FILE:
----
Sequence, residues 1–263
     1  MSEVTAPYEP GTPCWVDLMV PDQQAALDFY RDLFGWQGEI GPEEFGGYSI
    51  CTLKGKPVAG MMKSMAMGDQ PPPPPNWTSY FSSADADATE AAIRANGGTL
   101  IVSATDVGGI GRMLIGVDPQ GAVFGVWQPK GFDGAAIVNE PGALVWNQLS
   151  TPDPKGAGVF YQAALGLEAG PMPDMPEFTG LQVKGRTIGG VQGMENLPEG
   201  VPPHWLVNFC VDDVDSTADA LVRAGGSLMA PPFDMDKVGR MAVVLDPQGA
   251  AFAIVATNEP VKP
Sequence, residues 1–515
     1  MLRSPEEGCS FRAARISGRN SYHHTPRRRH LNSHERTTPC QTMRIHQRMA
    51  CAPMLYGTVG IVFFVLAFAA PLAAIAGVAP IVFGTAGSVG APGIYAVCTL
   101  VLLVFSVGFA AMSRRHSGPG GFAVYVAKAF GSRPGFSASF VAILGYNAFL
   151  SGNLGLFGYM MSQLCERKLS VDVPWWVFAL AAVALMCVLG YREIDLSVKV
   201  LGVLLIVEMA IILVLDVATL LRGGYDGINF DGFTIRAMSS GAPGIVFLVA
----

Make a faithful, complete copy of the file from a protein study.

Sequence, residues 1–263
     1  MSEVTAPYEP GTPCWVDLMV PDQQAALDFY RDLFGWQGEI GPEEFGGYSI
    51  CTLKGKPVAG MMKSMAMGDQ PPPPPNWTSY FSSADADATE AAIRANGGTL
   101  IVSATDVGGI GRMLIGVDPQ GAVFGVWQPK GFDGAAIVNE PGALVWNQLS
   151  TPDPKGAGVF YQAALGLEAG PMPDMPEFTG LQVKGRTIGG VQGMENLPEG
   201  VPPHWLVNFC VDDVDSTADA LVRAGGSLMA PPFDMDKVGR MAVVLDPQGA
   251  AFAIVATNEP VKP
Sequence, residues 1–515
     1  MLRSPEEGCS FRAARISGRN SYHHTPRRRH LNSHERTTPC QTMRIHQRMA
    51  CAPMLYGTVG IVFFVLAFAA PLAAIAGVAP IVFGTAGSVG APGIYAVCTL
   101  VLLVFSVGFA AMSRRHSGPG GFAVYVAKAF GSRPGFSASF VAILGYNAFL
   151  SGNLGLFGYM MSQLCERKLS VDVPWWVFAL AAVALMCVLG YREIDLSVKV
   201  LGVLLIVEMA IILVLDVATL LRGGYDGINF DGFTIRAMSS GAPGIVFLVA